Friday, April 27, 2007
So one on my list that has had its position grow tenuous in the last few installments is Yumi Hotta and Takeshi Obata’s Hikaru No Go. It’s about Hikaru, a middle schooler who encounter’s the family bloodstained relic go board in the attic. When he does, he encounters Sai, the ghost of a Go master who still seeks the Divine Move. All of which is impetus for Hikaru’s natural talent and interest with Go to emerge, as he chases an early opponent who’s become a pro ahead of him. It’s obviously a collaboration, and Yumi Hotta is the writer, with Obata (best known for his work on Death Note) provides the visuals. Teamed books are common enough elsewhere, but it appears to be a rarity in Japan. And it’s a book for younger readers (<15) size="2">* Iwasaki 7 Dan’s suit is awesome. He’s wearing 70s curtains as a suit. Man, I should get a scanner or something.
** Spider-Man may have come out of the recent Civil War fracas the best because he actually had a character arc that didn’t have a downward trajectory—accepting his identity and unmasking and all that. Batman could do with a revival “now less of a jerk” arc as a corrective to his recent portrayals. Otherwise, because Spider-Man’s personality doesn’t change story to story, they necessarily have to be plot, fun new adventure oriented. Even if they haven’t been fun in a while.
Well, no. Really, I just have time to share this website, which lists numerous science badges. I'm pretty sure I qualify for the:
- "I left the respectable sciences to pursue humanistic studies of the sciences" badge
- "I can be a prick when it comes to science" badge
- "sexing up science" badge
- "I know what a tadpole is" badge
- "somewhat confused as to what scientific field I actually belong to" badge
- "statistical linear regression" badge
There may be others, but I have certainly not earned the "have violated the posterior of an animal in the name of science" badge.
Wednesday, April 25, 2007
And the food is really really good. We ordered off the Chinese-language menu and were pleasantly surprised about the choices offered, fish with pickled vegetables, spicy duck, mala fen, and all kinds of fried rice. They even had stinky tofu! Because this is a murder-free family, we strayed away from the animal dishes, but still had plenty of choices. We started with a huge bowl of mala fen and a plate of hupi jianjiao. The mala fen was peppery and intense; it had a nice rich soup, and the rice noodles has a nice gumminess to them The hupi jianjiao peppers were fried (we were hoping for grilled) but had no touch of sweetness. Clearly the chef had no intentions of cultivating a more flavor-neutral American clientele, because the jianjiao were spicy enough to burn your tongue and covered in a mild vinegar. Our main courses consisted of mala moyu, small slices of tofu-like ground firm taro jelly cooked in a numbing and spicy red soup, and our one mild dish, slivers of sponge cucumber cooked with sliced tofu, was the perfect dish to “rest on” when we needed a break from the chilies.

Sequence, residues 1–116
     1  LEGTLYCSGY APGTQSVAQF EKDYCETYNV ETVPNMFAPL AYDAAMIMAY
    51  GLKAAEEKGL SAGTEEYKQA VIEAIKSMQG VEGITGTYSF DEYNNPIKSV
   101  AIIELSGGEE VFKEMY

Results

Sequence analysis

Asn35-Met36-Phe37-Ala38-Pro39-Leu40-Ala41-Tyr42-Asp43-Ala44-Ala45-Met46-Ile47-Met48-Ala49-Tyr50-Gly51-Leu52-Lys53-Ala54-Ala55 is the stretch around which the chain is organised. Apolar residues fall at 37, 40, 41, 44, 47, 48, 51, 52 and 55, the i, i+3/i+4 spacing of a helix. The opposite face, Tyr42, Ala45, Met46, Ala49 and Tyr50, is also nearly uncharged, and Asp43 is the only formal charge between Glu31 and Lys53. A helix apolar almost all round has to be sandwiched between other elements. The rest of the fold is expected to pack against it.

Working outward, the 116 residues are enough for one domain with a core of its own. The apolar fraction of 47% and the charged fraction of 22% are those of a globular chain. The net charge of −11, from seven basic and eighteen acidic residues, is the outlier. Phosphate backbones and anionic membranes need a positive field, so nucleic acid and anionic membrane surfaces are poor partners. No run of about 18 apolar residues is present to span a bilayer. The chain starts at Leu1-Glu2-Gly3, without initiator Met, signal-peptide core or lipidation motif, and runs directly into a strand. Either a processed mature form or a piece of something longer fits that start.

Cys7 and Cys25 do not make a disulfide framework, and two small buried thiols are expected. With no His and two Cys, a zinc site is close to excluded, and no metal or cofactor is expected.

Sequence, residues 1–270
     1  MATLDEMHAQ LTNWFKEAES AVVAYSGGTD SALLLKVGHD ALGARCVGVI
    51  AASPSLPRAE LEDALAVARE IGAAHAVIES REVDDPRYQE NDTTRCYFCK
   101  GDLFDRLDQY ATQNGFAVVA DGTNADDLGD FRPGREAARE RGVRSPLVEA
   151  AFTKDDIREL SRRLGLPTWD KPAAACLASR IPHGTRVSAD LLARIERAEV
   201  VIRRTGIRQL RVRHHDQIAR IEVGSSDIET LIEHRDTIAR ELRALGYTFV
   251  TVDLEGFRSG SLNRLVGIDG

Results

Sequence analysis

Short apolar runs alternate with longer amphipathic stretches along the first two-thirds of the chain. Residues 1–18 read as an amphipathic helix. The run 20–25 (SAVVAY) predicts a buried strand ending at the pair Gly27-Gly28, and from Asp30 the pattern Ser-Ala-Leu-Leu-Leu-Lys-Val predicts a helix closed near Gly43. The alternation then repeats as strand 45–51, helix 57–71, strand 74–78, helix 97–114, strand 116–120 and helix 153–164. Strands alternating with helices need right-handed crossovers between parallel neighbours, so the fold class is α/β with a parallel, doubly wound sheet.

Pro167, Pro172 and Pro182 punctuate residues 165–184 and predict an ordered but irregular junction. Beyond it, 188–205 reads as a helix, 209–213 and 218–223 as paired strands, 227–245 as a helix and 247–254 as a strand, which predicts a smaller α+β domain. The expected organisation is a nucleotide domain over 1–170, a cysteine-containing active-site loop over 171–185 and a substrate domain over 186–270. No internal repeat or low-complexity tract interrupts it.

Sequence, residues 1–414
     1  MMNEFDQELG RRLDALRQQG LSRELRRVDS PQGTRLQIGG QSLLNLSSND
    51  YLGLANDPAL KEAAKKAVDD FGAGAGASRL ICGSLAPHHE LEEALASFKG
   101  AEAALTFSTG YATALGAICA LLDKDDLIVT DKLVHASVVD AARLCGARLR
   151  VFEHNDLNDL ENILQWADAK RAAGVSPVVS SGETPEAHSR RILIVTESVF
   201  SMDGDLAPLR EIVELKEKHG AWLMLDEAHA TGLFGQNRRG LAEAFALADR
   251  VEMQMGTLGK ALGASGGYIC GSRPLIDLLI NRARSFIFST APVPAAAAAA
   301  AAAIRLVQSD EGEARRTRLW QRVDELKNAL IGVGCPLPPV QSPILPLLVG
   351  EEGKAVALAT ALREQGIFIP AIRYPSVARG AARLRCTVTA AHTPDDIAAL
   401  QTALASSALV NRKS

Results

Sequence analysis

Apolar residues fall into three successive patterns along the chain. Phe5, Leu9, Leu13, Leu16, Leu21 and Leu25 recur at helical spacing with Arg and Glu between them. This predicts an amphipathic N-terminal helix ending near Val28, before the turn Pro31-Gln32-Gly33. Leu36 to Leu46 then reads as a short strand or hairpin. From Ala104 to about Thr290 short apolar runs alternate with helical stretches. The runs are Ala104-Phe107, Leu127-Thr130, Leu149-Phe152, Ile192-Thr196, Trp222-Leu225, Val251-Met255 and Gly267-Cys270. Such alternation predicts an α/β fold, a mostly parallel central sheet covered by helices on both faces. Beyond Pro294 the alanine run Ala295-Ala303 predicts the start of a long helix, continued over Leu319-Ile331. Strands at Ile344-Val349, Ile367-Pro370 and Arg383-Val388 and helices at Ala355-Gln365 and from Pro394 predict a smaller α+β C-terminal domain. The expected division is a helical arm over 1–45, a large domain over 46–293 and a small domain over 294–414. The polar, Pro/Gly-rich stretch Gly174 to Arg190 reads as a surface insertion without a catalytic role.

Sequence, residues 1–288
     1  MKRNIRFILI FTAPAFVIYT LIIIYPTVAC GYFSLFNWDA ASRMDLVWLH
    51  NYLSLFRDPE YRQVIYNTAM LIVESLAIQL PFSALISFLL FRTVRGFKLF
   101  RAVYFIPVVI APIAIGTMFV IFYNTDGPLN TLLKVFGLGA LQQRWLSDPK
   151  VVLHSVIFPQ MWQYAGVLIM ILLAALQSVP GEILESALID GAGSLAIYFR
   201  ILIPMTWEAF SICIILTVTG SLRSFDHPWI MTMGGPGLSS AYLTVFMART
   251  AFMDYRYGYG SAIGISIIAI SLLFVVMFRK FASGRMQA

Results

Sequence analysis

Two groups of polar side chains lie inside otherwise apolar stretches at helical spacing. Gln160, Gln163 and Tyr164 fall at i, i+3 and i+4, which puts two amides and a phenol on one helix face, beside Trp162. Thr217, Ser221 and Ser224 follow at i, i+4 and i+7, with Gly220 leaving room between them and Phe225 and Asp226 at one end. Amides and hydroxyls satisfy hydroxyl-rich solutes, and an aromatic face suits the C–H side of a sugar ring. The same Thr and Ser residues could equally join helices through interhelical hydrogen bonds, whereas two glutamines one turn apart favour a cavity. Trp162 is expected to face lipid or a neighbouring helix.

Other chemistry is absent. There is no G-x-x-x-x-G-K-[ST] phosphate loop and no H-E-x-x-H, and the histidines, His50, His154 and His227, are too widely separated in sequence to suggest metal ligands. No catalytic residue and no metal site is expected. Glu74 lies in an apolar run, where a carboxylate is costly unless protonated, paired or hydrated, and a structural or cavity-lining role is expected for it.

Don’t expect much from the service. They clearly prefer watching Tim Duncan to serving you, and they are not patient with questions, but they can be helpful in steering you to some of the more interesting spots on the menu. This is definitely not a place to go if you want to impress the ladies. But it is a nice spot to show off to your financially limited friends.
Friday, April 20, 2007
He’s got a lively graffiti-influenced style that gives off its energy without getting cluttered. Graham clearly puts down tries out every idea he comes up with—and not all in this comic, mind you. These are the ideas with legs, one presumes. And like the best outlandish ideas in the better rung of sci-fi out there, being a Catmaster isn’t Joe’s only role and Max is just drug-user (Chalk is great, by the by). Despite the energetic style, what Graham actually excels at seems to be quiet moments...probably not coincidentally the ones readers might relate to, as opposed to how you talk to your weapon cat. Unless you have a weapon cat. “Fun” as a tone seems to come first, but comedy and a little bit of something else comes out too, and without quite the attendant melodrama that tone switches bring in similarly marketed manga.**
I’m not sure the style is suitable for everything (the Cthulu-esque terror looks a bit bouncier than swollen), nothing slumps enough for every mood to be pulled off equally well, if that makes sense. And not all the crazy notions carry equal weight either, the sasquatch really seems to be there to be a sasquatch. So the wonder of it is, will the setting cohere into something more repository of Brandon Graham's ideas? As long as the characters continue to grow inside it, I can wait and see.
* I’d like a Sumo Hero to cameo…
** Still, the fact that manga ever switches moods is more interesting to me right now than a lot of other work.
Thursday, April 19, 2007
I’m going to start listing what I’m reading. Presumably, I’ll cover the why’s and wherefores it’s worth reading, and why I’m continuing (when it’s a series). Neither fish nor fowl, I don’t think any of it will be good enough to be analysis, or clear enough to be reviews, but maybe it’ll evolve into something. I’m going to start with manga (even if I wouldn’t call the first one a manga myself).* Alright, from the bottom, starting tomorrow: